Joist hangers are an extremely useful product in the building trade and no more so than in some of the DIY jobs we get asked about on this site. Quite simply a joist hanger does what it says on the tin. It allows a joist to hang where otherwise it would need considerable time spent trying to fix it, or build it in to something else.
The image below and left shows a row of joists fixed to a light grey wall. This wall was the outside wall of a house before an extension was put onto the side.
A 200mm x 50mm timber was bolted to the wall and the joist hangers were fixed to it. This allowed the new ceiling joists to be dropped into the joist hangers giving them a solid fixing in a very straight line. The images below shows how this is achieved.
Joist hangers come in all sizes and a few different types. A rigid joist hanger such as shown on the left below, either hangs, and is fixed to, the top edge of an existing joist, rafter or wall plate. It is more usual to cut out a joint in a masonry wall and insert the rigid joist hanger. The hangers can then be used to support a row of joists. The down side to this method is the difficulty of keeping the hangers in an exact straight line given the tendency of brickwork joints to be a little up and down.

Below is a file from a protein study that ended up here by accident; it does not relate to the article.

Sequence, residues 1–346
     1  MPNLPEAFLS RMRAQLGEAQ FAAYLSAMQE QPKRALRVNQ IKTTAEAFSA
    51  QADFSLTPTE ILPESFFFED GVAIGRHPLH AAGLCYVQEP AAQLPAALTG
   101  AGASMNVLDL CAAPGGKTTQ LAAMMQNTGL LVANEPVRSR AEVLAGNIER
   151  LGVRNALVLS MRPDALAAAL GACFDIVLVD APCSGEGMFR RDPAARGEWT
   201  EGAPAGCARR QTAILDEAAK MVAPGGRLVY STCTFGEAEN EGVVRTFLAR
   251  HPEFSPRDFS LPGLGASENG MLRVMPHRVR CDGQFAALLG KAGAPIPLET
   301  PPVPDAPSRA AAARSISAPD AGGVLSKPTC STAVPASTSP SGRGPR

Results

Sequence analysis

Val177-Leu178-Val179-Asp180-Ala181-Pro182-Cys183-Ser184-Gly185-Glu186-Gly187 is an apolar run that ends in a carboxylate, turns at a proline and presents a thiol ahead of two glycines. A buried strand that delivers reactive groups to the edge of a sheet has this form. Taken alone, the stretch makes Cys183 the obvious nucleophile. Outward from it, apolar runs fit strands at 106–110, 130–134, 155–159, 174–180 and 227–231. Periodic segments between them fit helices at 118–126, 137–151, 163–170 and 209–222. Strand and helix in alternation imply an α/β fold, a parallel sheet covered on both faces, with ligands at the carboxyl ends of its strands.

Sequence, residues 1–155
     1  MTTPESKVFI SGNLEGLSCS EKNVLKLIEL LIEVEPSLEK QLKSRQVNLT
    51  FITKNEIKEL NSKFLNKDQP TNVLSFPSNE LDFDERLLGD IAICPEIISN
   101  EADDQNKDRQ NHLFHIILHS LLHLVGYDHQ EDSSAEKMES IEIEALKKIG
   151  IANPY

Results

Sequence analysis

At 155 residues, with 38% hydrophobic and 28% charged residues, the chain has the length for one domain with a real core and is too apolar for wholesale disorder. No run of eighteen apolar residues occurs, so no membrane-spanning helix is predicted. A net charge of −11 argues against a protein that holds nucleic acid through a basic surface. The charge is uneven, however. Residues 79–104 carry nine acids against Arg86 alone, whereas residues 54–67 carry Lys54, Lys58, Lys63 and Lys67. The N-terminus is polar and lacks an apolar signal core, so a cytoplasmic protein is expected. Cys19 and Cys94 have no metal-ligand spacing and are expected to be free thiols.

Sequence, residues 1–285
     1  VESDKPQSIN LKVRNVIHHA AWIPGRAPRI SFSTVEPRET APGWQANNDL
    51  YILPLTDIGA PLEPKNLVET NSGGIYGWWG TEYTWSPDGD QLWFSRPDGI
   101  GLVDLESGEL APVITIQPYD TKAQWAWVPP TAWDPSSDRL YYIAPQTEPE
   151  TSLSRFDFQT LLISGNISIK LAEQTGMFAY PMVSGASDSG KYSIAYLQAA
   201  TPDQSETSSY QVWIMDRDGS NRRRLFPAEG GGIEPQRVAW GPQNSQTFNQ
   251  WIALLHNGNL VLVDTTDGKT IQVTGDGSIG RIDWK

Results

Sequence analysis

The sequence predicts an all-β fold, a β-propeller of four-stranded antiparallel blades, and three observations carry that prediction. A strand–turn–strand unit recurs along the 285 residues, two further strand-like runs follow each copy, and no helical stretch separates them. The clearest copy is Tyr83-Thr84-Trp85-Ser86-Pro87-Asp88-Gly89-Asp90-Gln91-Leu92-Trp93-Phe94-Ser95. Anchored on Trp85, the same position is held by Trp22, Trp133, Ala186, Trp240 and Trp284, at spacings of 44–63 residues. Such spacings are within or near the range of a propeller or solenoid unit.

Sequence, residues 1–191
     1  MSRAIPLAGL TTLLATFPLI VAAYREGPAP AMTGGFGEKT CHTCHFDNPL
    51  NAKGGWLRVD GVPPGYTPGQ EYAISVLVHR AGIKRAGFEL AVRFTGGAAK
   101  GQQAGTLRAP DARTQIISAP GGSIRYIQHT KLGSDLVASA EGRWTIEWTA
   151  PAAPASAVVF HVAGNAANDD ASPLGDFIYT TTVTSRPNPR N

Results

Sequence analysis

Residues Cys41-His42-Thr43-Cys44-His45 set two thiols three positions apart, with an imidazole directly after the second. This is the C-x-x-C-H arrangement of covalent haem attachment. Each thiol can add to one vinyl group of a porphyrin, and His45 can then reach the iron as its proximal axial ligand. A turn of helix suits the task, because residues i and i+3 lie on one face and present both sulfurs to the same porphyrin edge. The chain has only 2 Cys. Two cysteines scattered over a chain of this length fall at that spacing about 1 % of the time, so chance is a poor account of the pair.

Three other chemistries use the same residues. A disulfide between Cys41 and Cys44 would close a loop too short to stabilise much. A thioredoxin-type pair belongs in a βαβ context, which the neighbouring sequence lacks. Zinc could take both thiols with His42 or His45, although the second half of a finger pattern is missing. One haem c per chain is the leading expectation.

The hangers above are known as a jiffy hangers. This type of hanger is used only when abutting one timber to another. It comes with plenty of holes through which you can screw or nail the hanger to one timber while you drop another timber in the "shoe".
Joist hangers give roofing carpenters a great deal of flexibility. They are relatively easy to level in, fix very strongly indeed and allow the carpenter (by using temporary fixings) to get all timbers in place, with the correct spacing in between them, before fixing permanently.
The final image below shows a timber bolted to the wall which, in turn, has timbers attached to it using joist hangers. The image shows you just how useful joist hangers can be when, for example, installing a false ceiling or adding a new floor in a barn conversion.
Why not check out our video section on joists and watch a film on "insulation between joists" to learn how to seal against air leakage.